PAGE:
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In a square room with 7 m-long sides, five people have shot at random people. They all had two bullets and killed two people in the crowd. Other people in the room were not hurt. CCTV recordings show the positions of the shooters, of the victims and of the bystanders just before the tragedy. The family of the victims now want to find out who killed whom. You’re in charge of the investigation” can you provide an answer? Is there a unique solution? We assume that all individuals can be represented as circles of radius r = 30 cm.

Table 1: The coordinates of the suspects and the victims $$\begin{array}{lll} \mbox{Suspect} & x & y \\ A & 3.448069 & 1.825537 \\ B & 5.660685 & 6.548274 \\ C & 4.940687 & 4.281677 \\ D & 4.673141 & 1.664502 \\ E & 0.75885 & 2.935295 \\ \end{array}$$

$$\begin{array}{lll} \mbox{Victims} & X1 & Y1 \\ 1 & 0.878583 & 1.301652 \\ 2 & 5.003333 & 0.768736 \\ 3 & 1.736526 & 4.021814 \\ 4 & 0.81187 & 5.252127 \\ 5 & 3.607172 & 0.302864 \\ 6 & 0.765227 & 0.474429 \\ 7 & 3.862082 & 6.516331 \\ 8 & 5.482858 & 3.218573 \\ 9 & 3.884144 & 2.628101 \\ 10 & 1.80347 & 2.135908 \\ \end{array}$$ Steps I followed: The map of the room is scaled (7m square). The origin is at one corner (0, 0). I assigned the positions of the suspects, victims and bystanders the coordinates (x, y). Using the distance formula; I plugged the point of the victims and suspects (shooters) into that formula to attain the equation of a circle. Max distance btn the points (h, k), and (x, y) is d and can be achieved by the distance formula: d= √(( x_2 )-x_1 )^2 + (y_2- y_1 )^2 Dist. d can be equated to the radius of the circle, r, and by squaring all sides of the equation, I get; r^2=(x-h)^2 + (y- k)^2
This is an example of how I got the distance For shooter A and victim 6, the min distance, d is = √(( x_2 )-x_1 )^2 + (y_2- y_1 )^2= √(( 0.765227)-3.448069)^2 + (0.474429- 1.825537)^2 = √((-2.682842 ) )^2 + (-1.351108)^2 = √9.023134 = 3.003853 m The shorter the distance btn the shooter and the victim, the higher the chance of the victim being shot. This implies that for two victims shot by 1 shooter, is the ones nearest to him, i.e. the one whose, d, is smaller for 2 victims. Using the equation of a circle in the given room, the suspects can be identified with certainty.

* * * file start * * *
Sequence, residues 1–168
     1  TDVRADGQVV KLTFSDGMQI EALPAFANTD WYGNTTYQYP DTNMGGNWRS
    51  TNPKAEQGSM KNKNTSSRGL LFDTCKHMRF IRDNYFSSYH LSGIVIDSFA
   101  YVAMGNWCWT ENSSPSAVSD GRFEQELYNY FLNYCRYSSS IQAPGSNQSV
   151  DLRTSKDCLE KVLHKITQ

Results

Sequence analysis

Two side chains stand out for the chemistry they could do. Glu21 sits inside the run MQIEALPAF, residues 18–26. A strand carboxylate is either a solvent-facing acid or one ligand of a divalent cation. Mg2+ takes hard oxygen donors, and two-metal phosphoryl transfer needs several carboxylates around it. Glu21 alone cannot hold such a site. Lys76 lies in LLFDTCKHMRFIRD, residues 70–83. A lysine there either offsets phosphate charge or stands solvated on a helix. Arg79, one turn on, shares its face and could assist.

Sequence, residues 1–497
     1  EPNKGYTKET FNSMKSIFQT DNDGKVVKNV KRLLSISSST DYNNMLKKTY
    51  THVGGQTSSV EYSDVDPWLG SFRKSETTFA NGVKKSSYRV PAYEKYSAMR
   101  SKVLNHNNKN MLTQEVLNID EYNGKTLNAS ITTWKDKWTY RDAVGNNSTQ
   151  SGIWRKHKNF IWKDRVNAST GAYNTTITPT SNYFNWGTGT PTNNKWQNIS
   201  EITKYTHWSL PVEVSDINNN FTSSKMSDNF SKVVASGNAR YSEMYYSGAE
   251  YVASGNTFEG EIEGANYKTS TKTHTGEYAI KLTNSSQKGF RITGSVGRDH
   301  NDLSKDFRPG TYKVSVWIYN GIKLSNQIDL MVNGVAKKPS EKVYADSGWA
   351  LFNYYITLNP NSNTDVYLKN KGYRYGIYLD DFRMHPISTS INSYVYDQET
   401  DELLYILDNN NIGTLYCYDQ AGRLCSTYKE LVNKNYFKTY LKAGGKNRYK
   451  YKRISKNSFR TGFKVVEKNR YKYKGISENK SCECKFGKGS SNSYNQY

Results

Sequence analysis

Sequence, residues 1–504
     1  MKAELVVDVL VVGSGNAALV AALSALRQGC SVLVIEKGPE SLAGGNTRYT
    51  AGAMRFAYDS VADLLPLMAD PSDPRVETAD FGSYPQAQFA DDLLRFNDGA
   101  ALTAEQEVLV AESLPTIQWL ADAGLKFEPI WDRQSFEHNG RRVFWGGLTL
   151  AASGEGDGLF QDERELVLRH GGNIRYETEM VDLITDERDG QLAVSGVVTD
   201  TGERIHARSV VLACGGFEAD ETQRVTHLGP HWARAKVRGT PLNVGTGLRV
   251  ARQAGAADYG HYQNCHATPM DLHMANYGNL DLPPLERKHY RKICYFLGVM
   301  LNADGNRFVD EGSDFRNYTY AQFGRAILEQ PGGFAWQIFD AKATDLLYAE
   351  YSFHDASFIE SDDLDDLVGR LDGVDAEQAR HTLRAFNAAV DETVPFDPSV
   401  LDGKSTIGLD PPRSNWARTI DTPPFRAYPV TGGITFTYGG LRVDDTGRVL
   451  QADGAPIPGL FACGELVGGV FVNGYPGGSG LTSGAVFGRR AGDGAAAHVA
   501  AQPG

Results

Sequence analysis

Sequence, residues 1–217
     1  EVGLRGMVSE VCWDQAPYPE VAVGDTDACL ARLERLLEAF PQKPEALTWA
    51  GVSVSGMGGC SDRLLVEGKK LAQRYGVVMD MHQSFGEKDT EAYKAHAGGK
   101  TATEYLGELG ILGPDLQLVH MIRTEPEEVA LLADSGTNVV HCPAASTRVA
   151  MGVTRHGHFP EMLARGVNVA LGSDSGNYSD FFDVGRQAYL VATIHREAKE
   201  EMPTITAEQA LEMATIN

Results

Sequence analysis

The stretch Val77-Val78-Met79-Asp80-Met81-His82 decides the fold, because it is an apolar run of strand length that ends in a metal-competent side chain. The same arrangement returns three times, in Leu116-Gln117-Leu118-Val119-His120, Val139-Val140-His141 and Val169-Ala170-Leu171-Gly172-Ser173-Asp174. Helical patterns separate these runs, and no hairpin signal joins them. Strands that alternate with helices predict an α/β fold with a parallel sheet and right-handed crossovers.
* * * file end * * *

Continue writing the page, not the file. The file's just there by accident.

I calculated the distances for each suspect manually and came up with the result summarized in the table below: Table 2: suspects and victims they killed and their shortest distance d, (m) btn them $$\begin{array}{lll} \mbox{Suspect} & Victims killed & Distances d, between suspects and victims\\ A (3.448069, 1.825537) & 5 (3.607172, 0.302864) and 6 (0.765227, 0.474429) & 1.530963m and 3.003853m\\ B (5.660685, 6.548274) & 7 (3.862082, 6.516331) and 10 (1.80347, 2.135908) & 1.79886m and 5.860638m \\ C (4.940687, 4.281677) & 4 (0.81187, 5.252127), and 8 (5.482858, 3.218573) & 4.241333m and 1.193372m \\ D (4.673141, 1.664502) & 2 (5.001333, 0.768736), and 9 (3.884144, 2.628101) & 0.954685m and 1.245407m \\ E (0.75885, 2.935295) & 1 (0.878583, 1.301652), and 3 (1.736526, 4.021814) & 1.638925m and 1.461634m \\ \end{array}$$

Please help me solve this using Mathematica. You are also free to point out places that I should improve.

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"The shorter the distance btn the shooter and the victim, the higher the chance of the victim being shot. This implies that for two victims shot by 1 shooter, is the ones nearest to him, i.e. the one whose, d, is smaller for 2 victims." The fact that a certain event is more likely to occur does not imply that it must have occurred. As far as we know from the data, it could have happened that all shooters managed to shoot victims far away from them. –  Austin Mohr Apr 23 '12 at 4:47
    
This is math.stackexchange.com/questions/135485/… with alleged improvements and serious formatting problems, and no response to my question as to the source of the problem. –  Gerry Myerson Apr 23 '12 at 4:49
    
@AustinMohr Thank you for pointing that out. I came up with that assumption because i could not think of any other way. If there is another angle you can look at it kindly let me know. If there is none, then take it as an assumption and help me solve using Mathematica. Thanks again –  Niga Apr 23 '12 at 4:52
    
@GerryMyerson Was given in class by our lecturer –  Niga Apr 23 '12 at 4:54
    
@Niga If you assume the victims fill the entire circle that represents them, then it does follow that you can't shoot through a circle without harming that person. Perhaps you can deduce some facts like "Shooter X only has line of sight to Victims Y and Z, so he must have shot them." –  Austin Mohr Apr 23 '12 at 4:58
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